With Alaska Air Group (NYSE:ALK) making a frenzied bid to buy Virgin Americs (NASDAQ:VA) in a bidding war with JetBlue Airways (NASDAQ:JBLU), investors now need to switch into the mode of how to handle the deal. Virgin America shareholders holding from a few weeks ago are going to cash in big time, but Alaska Air shareholders need to decide if the deal is on time for gains going forward like the flights.
Alaska Air is up sharply from the February lows that incredibly gave shareholders an opportunity to own the stock $20 ago. At the closing price of $83 last week, Alaska Air was a reasonably affordable stock as the industry continues to shift towards a better future. Remember, investors need to not focus on the gains over the last couple of weeks. The yearly gain through Friday was only slightly better than industry leader Delta Air Lines (NYSE:DAL).
ALK data by YCharts
In that theory, any accretive deal that reduces competition should provide a solid investment opportunity, but the question is whether the bidding war eliminated that value proposition.
The media reports had the deal value originally going from $2.0 billion for Virgin America to now $2.6 billion. The immediate reaction is that Alaska Air is over-paying for the airline. The ability to fund the deal via cash and cheap debt might quickly change that equation to a more favorable outcome for Alaska Air.
With a market cap of over $10 billion, the higher price still leaves Virgin America as a small portion of the combined value of the new entity. And as the above chart shows, a good portion of the recent run was only Virgin America catching up to the market this year.
As far as Alaska Air, the airline ended March with $1.6 billion in unrestricted cash. The airline does have roughly $700 million in debt, leaving a net cash position of around $900 million. This pristine balance sheet comes with the fact that Alaska Air spent $505 million on stock buybacks last year and pays a 1.1% dividend yield. The point being that the company has the cash flow to quickly pay down any debt incurred for this deal.
Some quick analysis on the deal without any synergy benefits:
- Alaska Air is forecast to earn $7.60 with 127 million shares outstanding.
- Virgin America is forecast to earn $3.61 with 45 million shares outstanding.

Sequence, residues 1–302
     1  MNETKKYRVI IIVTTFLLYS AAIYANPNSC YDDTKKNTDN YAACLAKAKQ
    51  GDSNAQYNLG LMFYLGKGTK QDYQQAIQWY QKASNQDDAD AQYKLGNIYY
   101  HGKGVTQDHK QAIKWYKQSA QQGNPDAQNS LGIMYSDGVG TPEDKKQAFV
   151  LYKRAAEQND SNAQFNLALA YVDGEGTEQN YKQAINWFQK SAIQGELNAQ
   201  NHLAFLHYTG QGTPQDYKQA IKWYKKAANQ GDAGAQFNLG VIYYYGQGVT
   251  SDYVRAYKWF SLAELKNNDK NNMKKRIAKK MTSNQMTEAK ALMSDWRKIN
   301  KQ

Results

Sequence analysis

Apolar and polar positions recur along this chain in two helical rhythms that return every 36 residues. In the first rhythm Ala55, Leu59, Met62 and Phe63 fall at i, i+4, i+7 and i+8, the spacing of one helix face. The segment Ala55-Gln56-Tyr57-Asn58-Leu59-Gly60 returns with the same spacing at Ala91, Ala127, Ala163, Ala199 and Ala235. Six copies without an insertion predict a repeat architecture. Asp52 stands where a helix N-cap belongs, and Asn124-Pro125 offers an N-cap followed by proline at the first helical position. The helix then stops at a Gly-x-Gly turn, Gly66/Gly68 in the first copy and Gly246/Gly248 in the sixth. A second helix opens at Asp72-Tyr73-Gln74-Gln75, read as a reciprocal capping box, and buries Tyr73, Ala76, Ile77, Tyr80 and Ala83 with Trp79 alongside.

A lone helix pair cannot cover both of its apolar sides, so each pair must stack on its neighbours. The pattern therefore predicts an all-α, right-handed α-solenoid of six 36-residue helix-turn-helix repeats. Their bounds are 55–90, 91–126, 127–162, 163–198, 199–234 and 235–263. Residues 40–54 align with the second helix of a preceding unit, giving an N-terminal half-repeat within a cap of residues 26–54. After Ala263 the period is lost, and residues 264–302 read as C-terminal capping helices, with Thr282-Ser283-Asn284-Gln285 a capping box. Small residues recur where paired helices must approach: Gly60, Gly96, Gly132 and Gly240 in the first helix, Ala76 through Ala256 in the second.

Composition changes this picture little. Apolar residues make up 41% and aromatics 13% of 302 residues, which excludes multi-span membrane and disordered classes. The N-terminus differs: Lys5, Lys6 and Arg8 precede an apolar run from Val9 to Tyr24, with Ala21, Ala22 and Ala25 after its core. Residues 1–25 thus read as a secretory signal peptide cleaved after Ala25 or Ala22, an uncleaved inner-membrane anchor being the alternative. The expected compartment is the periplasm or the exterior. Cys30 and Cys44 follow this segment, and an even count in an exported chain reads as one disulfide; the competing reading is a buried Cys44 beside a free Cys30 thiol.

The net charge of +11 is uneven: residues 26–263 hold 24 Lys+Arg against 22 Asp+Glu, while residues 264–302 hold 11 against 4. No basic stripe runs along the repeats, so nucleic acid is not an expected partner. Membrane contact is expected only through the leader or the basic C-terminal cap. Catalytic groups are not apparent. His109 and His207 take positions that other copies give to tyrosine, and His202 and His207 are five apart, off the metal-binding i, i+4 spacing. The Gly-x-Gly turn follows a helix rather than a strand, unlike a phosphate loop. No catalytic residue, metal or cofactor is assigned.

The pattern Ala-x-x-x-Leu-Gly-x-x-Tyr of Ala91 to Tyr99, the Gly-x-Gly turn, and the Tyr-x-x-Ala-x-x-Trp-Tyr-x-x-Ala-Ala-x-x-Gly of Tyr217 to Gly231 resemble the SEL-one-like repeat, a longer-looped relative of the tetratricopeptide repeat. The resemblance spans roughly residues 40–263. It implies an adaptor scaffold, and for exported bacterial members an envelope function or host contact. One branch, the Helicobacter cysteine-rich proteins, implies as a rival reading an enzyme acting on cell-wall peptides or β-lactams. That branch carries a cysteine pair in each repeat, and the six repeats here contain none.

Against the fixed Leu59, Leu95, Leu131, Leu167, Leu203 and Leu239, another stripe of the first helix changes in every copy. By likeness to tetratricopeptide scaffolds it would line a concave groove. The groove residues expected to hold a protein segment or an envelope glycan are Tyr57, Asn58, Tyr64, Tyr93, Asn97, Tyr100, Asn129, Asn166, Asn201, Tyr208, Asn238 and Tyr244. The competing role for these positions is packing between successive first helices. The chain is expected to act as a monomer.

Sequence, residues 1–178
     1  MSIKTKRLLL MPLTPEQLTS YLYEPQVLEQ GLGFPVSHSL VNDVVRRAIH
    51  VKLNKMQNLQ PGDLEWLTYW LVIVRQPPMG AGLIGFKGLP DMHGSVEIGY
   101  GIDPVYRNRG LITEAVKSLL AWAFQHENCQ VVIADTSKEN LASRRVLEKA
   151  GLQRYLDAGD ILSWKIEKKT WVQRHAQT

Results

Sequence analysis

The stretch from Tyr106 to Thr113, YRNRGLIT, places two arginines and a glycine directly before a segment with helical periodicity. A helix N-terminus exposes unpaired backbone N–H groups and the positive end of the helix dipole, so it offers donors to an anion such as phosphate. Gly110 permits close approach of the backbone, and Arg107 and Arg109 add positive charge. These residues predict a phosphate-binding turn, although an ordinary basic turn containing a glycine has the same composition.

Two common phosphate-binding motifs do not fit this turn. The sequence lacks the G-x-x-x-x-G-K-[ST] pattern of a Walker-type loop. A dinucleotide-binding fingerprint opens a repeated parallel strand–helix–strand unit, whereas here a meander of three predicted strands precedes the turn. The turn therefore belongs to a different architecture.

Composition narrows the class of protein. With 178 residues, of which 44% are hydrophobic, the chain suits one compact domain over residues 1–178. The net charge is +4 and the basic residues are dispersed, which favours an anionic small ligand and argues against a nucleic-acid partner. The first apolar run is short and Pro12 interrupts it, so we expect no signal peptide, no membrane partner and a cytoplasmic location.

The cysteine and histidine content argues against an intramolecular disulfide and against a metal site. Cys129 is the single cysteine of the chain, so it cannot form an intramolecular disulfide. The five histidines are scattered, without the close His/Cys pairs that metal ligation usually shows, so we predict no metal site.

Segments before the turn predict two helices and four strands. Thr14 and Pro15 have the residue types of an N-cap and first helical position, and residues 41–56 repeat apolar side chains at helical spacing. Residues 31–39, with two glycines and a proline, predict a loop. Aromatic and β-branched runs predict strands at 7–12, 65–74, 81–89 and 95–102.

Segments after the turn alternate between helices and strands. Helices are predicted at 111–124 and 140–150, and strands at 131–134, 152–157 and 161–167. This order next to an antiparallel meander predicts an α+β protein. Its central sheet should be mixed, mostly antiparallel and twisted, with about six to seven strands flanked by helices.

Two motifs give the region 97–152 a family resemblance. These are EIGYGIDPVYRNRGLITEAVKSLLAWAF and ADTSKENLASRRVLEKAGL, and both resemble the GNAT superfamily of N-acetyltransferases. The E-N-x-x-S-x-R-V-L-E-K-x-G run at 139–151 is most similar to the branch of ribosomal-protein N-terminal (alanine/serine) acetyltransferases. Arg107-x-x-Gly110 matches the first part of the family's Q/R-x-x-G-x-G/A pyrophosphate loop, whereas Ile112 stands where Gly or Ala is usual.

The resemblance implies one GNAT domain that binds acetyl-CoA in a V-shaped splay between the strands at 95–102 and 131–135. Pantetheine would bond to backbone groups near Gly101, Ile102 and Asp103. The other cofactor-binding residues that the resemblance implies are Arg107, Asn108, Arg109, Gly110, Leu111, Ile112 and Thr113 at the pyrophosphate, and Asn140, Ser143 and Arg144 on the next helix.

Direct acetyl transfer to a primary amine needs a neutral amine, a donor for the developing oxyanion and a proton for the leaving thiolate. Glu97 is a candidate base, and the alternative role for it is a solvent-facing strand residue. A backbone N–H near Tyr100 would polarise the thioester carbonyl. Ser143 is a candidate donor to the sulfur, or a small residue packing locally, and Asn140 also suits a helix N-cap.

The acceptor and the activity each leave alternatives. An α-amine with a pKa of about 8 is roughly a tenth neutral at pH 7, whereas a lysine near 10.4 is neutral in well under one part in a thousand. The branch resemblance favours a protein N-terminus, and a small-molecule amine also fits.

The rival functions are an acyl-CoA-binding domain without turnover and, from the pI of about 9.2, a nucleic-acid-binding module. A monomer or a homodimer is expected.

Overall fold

- Net income equals $965 million + $163 million + $225 million (synergies) = $1,353 million.
- Assume $2.6 billion in added debt at a 5% interest rate = $130 million of additional interest expense.
- New EPS = $1,203 with 127 million shares = $9.50 (not including tax implications)
In essence, the deal is slightly accretive with a 5% interest rate prior to including the synergies. The synergies including a possibly lower interest rate along with the ability to use existing cash balances and free cash flow generation to quickly pay down debt is very accretive for Alaska Air.
The cost savings and net synergies of $225 million annually need to be explored more considering the limited route overlap and opposite fleets. According to The Wall Street Journal, the airlines only overlap on six routes that account for 6.6% of Alaska's capacity. In addition, Alaska has a fleet of Boeing (NYSE:BA) planes and Virgin America has a fleet of Airbus Group (OTCPK:EADSF) planes.
Naturally, the airline will save on some back office expenses by eliminating the duplicative finance and HR departments. The real question is the commercial synergies from grabbing a larger presence at both the San Francisco International Airport and the Los Angeles International Airport. Combined market share jumps to 16% at SFO and 11% of seats at LAX.
Despite a consistent history of one of the few profitable airlines, the stock historically trades at a low multiple. Even without an EPS boost from the merger with Virgin America, Alaska Air is an attractively priced stock.
ALK PE Ratio (Forward 1y) data by YCharts
Maybe the best way to outline the undeniable value of Alaska Air that is further enhanced by an accretive deal is the following chart of its Investor Day presentation.
This scenario isn't necessarily unique to Alaska Air in the airline industry, but it does highlight how the company has one of the highest FCF yields and pre-tax margins in the S&P 500. While at the same time, the airline has one of the lowest P/E ratios.
The deal isn't risk free as the Department of Justice could have serious concerns about more consolidation in the airline industry. Ultimately though, a cheap airline stock is only getting cheaper with the accretive nature of the deal. If Alaska Air comes anywhere close to achieving the $225 million in annual benefits, the deal is likely to generate a lot of value for shareholders.
Disclosure: I/we have no positions in any stocks mentioned, and no plans to initiate any positions within the next 72 hours.
I wrote this article myself, and it expresses my own opinions. I am not receiving compensation for it (other than from Seeking Alpha). I have no business relationship with any company whose stock is mentioned in this article.
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